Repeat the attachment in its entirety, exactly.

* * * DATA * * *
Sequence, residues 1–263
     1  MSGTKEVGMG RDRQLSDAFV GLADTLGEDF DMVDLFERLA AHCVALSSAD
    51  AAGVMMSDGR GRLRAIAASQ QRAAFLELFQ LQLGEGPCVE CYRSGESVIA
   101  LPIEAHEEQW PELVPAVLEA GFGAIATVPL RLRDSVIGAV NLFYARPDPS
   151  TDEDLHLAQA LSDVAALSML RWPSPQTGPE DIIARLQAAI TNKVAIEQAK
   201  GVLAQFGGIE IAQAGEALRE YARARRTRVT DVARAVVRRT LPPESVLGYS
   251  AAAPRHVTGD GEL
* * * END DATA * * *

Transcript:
Sequence, residues 1–263
     1  MSGTKEVGMG RDRQLSDAFV GLADTLGEDF DMVDLFERLA AHCVALSSAD
    51  AAGVMMSDGR GRLRAIAASQ QRAAFLELFQ LQLGEGPCVE CYRSGESVIA
   101  LPIEAHEEQW PELVPAVLEA GFGAIATVPL RLRDSVIGAV NLFYARPDPS
   151  TDEDLHLAQA LSDVAALSML RWPSPQTGPE DIIARLQAAI TNKVAIEQAK
   201  GVLAQFGGIE IAQAGEALRE YARARRTRVT DVARAVVRRT LPPESVLGYS
   251  AAAPRHVTGD GEL